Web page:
“This recognition at an international level is a testament to the commitment and hard work each team member has exhibited towards increasing employment for people with disabilities over the past four years of the DRPI AWARE project,” said Rioux. “Our project has stirred up the status quo and removed barriers to employment, and created networks with employers resulting in many people with disabilities acquiring long lasting jobs in each of the three city.  We are paving pathways for repeat hiring by employers who have witnessed first-hand that people with disabilities can work, and their businesses are more successful when people with different abilities are included in their workforce.”

Contributing to the project’s success, said Rioux, are:  Swadhikaar, NFDN, BPKS, Subhi Association, Sean Wiltshire, Monica Ackermann, and other individuals who have provided contributions here in Canada, as well as the project’s Work Placement Coordinators, and the Country Coordinators: Sreedhar Ganta in Hyderabad; Sagar Prasain and Bishal Dahal in Kathmandu; and Mayeen Ahmed in Dhaka.

More information on the DRPI AWARE project can be found on the DRPI website at drpi.research.yorku.ca/asia-pacific/drpi-aware. More information on the Zero Project, an initiative of the Essl Foundation, an Austrian charitable foundation and NGO associated with the United Nations, can be found on this website zeroproject.org/about-us/mission-statement.

Jean-Gabriel Castel Lecture series explores political perspective of international law

Castel Lecture
Castel Lecture

Distinguished Canadian politician and former Member of Parliament Bill Graham will present the 2017 Jean-Gabriel Castel Lecture on International Law and International Organizations on March 14 at 7:30 pm with a focus on “International Law: A Political Perspective”.

Bill Graham

The annual lecture, hosted by Glendon College, will be delivered in English and is free to attend. It will take place at the BMO Conference Centre, 2275 Bayview Ave., North York.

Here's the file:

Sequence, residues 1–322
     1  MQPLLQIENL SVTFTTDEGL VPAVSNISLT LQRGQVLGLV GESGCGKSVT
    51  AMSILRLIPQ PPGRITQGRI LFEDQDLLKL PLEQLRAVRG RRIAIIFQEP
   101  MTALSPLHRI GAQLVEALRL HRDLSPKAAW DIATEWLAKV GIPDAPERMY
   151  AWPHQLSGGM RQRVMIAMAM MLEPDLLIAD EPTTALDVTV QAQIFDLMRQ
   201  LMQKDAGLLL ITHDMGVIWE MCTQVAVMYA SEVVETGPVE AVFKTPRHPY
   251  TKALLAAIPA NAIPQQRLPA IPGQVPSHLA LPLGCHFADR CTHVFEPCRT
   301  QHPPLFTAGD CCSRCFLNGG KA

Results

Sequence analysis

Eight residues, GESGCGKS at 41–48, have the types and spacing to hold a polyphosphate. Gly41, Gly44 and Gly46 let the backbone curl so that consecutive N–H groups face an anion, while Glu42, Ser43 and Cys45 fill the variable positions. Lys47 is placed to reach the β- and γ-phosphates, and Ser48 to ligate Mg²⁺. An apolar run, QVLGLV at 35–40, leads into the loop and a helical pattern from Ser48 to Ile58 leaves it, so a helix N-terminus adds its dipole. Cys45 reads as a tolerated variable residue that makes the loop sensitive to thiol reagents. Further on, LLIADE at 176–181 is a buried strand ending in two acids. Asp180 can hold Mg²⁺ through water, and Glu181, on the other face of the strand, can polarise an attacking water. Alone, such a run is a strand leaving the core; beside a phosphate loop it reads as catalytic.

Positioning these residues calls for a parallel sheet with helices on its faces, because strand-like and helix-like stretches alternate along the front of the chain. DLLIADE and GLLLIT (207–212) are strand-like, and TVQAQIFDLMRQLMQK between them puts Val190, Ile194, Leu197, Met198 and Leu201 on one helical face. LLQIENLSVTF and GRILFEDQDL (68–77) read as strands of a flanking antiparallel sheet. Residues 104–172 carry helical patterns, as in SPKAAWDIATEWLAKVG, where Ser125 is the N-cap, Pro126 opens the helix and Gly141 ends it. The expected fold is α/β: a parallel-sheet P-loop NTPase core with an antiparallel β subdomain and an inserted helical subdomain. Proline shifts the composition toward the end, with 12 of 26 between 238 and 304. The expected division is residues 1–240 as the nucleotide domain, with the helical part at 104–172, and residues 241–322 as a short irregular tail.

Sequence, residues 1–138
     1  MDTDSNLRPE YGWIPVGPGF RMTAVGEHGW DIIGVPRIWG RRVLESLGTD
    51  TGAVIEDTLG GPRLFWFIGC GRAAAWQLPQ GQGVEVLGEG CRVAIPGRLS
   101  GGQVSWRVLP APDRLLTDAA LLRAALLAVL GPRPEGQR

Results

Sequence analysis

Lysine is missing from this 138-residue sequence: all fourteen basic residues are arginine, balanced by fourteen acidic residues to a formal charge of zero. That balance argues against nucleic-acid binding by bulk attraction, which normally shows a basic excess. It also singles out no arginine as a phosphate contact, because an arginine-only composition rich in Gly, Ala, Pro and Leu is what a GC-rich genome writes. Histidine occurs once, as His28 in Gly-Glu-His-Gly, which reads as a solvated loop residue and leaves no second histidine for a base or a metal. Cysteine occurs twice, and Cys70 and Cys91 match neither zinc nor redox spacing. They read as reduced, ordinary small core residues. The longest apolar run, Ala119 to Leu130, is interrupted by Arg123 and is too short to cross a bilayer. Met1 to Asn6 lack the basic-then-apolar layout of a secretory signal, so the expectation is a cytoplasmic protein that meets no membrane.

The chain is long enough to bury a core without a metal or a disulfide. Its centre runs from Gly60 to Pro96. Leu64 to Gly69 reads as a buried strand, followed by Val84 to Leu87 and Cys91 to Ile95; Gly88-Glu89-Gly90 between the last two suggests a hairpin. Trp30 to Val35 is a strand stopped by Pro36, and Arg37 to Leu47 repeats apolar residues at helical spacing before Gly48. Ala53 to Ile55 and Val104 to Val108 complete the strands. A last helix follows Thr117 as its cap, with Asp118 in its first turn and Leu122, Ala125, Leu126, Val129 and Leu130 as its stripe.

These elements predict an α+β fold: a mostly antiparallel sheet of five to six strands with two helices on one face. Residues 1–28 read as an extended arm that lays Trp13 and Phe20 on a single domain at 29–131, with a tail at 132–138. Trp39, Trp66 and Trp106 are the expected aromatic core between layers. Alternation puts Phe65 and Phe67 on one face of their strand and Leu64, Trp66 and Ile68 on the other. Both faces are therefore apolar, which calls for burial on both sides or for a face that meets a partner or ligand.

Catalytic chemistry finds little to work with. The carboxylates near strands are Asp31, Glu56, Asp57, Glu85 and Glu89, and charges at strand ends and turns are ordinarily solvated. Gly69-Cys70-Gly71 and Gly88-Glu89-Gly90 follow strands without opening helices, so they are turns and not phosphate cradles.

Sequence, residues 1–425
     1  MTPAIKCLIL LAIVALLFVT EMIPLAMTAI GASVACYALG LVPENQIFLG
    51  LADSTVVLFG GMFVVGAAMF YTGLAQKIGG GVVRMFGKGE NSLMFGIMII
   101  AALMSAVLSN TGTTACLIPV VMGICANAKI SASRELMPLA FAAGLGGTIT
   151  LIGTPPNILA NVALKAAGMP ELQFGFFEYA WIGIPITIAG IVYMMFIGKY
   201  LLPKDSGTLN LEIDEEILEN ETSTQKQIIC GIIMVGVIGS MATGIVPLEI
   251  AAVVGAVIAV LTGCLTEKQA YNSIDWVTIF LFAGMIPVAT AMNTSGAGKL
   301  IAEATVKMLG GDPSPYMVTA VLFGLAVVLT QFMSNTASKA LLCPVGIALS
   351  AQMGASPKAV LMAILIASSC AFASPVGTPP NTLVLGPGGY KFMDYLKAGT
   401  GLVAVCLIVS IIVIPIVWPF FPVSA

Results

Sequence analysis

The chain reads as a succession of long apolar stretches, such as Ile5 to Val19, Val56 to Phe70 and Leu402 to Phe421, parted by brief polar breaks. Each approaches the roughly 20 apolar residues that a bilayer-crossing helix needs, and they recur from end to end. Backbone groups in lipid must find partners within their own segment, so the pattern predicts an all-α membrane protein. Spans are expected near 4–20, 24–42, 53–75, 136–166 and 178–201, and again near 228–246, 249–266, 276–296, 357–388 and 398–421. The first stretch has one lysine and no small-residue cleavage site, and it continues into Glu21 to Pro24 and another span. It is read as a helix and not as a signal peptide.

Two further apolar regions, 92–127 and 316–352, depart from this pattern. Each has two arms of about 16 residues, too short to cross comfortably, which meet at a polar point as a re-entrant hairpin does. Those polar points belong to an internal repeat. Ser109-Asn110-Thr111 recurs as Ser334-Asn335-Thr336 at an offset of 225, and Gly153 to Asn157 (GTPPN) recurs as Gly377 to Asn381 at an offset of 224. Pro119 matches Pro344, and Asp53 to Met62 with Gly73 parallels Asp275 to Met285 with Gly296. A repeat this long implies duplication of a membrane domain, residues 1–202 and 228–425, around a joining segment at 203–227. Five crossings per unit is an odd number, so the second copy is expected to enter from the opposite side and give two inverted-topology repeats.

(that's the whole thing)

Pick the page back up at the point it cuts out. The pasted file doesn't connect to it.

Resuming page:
Graham was educated at the University of Toronto and the Université de Paris. He practiced law with the firm of Fasken and Calvin and taught at the University of Toronto Faculty of Law.

In 1993, he was elected Member of Parliament for Toronto-Centre-Rosedale, and from 1995 to 2002 served as Chairman of the Standing Committee of the House of Commons on Foreign Affairs and International Trade.

He was Minister of Foreign Affairs from 2002 to 2004 and Minister of National Defence from 2004 to 2006. From February to December 2006, he was Leader of the Official Opposition and Interim Leader of the Liberal Party of Canada. He is currently Chancellor, Trinity College, University of Toronto; Chair of the Canadian International Council; and Honorary Colonel of the Governor General’s Horse Guards. He is Chevalier de la Légion d’honneur and a Member of the Order of Canada.

Registration is required for this event and can be done here.

About the annual Jean-Gabriel Castel Lecture

The annual Jean-Gabriel Castel Lecture was created in 2004 to honour Professor Jean-Gabriel Castel, an internationally acknowledged jurist and now emeritus Distinguished Research Professor in international law at Osgoode Hall Law School of York University, Fellow of the Royal Society of Canada, and Officer of the Order of Canada.

For a decade, Castel taught international law to Glendon’s undergraduate students in the International Studies Program. This public lecture series was launched in order to honour his contribution to this department, and to give the students in the Department of International Studies, as well as other social sciences disciplines, the opportunity to hear an eminent jurist and/or a well-known personality in public life discuss issues in law that demand public debate.

The first speaker in the series was Jean-Gabriel Castel himself, who spoke in February 2005 on the topic “The Legality and Legitimacy of Unilateral Armed Intervention in an Age of Terror, Neo-Imperialism and Massive Violations of Human Rights. Is International Law Evolving in the Right Direction?”.

For more on the background, visit www.glendon.yorku.ca/international-studies/castel-conference.

 

Plan to attend the Undergraduate Research Fair and Art Walk on March 1

Particpants at the 2016 Undergraduate Research Fair event in the Scott Library
Particpants at the 2016 Undergraduate Research Fair event in the Scott Library

York University’s fifth annual Undergraduate Research Fair & Art Walk takes place on Wednesday, March 1, in the Scott Library Collaboratory.

Particpants at the 2016 Undergraduate Research Fair event in the Scott Library

Jointly sponsored by York University Libraries and the Office of the Vice-President Research and Innovation, the multidisciplinary fair celebrates the work of undergraduate student researchers and provides them with the opportunity to share their work by presenting a poster session. The juried research fair provides an excellent opportunity for experiential learning, as undergrads share their work in a friendly, cross-curricular environment.